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Truth And Justice

By Rabbi Daniel Travis

Avraham answered, “I realized that the one thing that is missing here is the fear of Elokim. Therefore I could have been killed on account of my wife.” (Bereshith 20:11)

Although the Hebrew word Elokim in general is a reference to God, in this case it also refers to the magistrate (1). Avraham expressed his fear that since the people who lived in Gerar had no fear of their ruling authorities, they were so lacking in discipline that they would have killed him in order to take his wife. (They were not altogether corrupt, for although they would have killed a man to fulfill their desires, they would not have gone so far as to molest a married woman.)

Many people who are basically honest are not careful regarding the violation of “minor” government-imposed laws. Our Sages, however, tell us that government regulations have the same status as other parts of Jewish law, and this is accepted as the halachah (2). Rav Yaakov Kaminetsky, for example, was very careful never to violate any law. He would never cross the street when the light was red, even if there were no cars in sight.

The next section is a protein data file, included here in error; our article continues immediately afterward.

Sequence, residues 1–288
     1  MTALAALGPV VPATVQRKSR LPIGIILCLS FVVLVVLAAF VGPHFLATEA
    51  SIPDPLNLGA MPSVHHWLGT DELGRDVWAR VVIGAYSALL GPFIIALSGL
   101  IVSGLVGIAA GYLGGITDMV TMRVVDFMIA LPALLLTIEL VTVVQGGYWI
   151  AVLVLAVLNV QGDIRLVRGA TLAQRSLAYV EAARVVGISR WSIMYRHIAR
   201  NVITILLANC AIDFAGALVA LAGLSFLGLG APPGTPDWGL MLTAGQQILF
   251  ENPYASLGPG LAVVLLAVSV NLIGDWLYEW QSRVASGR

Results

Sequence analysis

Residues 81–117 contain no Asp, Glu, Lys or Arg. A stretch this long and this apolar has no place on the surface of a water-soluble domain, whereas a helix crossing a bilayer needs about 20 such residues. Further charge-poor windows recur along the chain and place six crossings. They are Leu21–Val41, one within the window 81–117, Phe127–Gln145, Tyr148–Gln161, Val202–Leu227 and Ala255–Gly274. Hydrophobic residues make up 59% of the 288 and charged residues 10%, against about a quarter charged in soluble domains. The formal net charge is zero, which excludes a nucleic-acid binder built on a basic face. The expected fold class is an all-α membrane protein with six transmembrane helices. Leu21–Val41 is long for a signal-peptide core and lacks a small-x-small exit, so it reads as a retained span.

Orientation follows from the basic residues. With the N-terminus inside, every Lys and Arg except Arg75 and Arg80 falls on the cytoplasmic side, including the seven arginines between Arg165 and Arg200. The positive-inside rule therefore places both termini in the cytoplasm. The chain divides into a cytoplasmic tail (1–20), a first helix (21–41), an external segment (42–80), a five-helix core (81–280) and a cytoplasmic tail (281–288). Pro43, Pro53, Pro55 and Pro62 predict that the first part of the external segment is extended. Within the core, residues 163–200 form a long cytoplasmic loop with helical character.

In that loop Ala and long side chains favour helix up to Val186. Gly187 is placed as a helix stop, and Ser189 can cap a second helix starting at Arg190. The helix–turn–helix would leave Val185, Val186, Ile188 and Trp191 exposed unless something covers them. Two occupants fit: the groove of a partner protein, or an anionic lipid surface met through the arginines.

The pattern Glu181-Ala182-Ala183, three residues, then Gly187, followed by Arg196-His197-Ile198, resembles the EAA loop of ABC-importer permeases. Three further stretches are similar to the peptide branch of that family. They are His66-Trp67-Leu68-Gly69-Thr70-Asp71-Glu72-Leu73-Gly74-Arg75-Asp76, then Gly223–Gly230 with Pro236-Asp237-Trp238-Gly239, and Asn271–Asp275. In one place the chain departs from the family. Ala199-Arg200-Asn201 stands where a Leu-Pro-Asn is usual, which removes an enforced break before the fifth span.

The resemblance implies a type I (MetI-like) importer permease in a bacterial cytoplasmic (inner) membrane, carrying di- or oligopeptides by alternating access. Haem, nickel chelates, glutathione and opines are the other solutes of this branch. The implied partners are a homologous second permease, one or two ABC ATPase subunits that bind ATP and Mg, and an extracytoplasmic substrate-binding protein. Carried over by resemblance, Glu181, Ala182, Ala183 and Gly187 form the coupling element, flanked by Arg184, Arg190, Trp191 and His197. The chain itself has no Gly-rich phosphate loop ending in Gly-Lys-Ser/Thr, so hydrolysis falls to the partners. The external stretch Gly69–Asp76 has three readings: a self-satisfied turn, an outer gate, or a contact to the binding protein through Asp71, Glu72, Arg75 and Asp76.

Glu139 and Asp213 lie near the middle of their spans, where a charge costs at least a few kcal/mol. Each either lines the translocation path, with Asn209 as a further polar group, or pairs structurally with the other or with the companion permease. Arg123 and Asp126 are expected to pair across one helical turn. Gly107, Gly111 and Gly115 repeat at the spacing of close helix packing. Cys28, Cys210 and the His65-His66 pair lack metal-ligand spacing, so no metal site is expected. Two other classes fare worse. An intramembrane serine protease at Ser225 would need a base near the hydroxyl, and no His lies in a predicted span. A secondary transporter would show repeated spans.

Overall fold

Sometimes we find ourselves in situations in which it is difficult for us to tell “the whole truth” to government officials. Even under such circumstances, someone who has mastered the trait of integrity can muster the inner strength to avoid justifying lying. One such incident occurred when Rav Noigershel, one of the great living teachers of Jewish ethics, was being driven to Jerusalem. His driver, who had spent the entire night caring for his father in the hospital, had not slept at all. As they were entering Jerusalem, the driver fell asleep at the wheel and the car skidded off the road down the side of a cliff. Miraculously, neither Rav Noigershel nor his driver was harmed.

Moments after the accident police were on the scene. Rav Noigershel advised his driver to tell the police the true story of what had happened and why, for, he explained, after having experienced such a miracle, he owed it to God to tell the truth. By telling the police that he had fallen asleep at the wheel, the driver was risking suspension of his driver’s license and the loss of his insurance benefits, but he chose to follow Rav Noigershel’s advice. Significantly, he suffered no major negative consequences as a result of his having spoken the truth (3).


1. Seforno on Bereshith 20:11.
2. Nedarim 28a; Shulchan Aruch Choshen Mishpat 369:2,7,8,9; Rambam, Laws of Theft (gezeila) 5:11-18.
3. Heard from Rav Avraham Krohn.


Text Copyright © 2007 by Rabbi Daniel Travis and Torah.org


 






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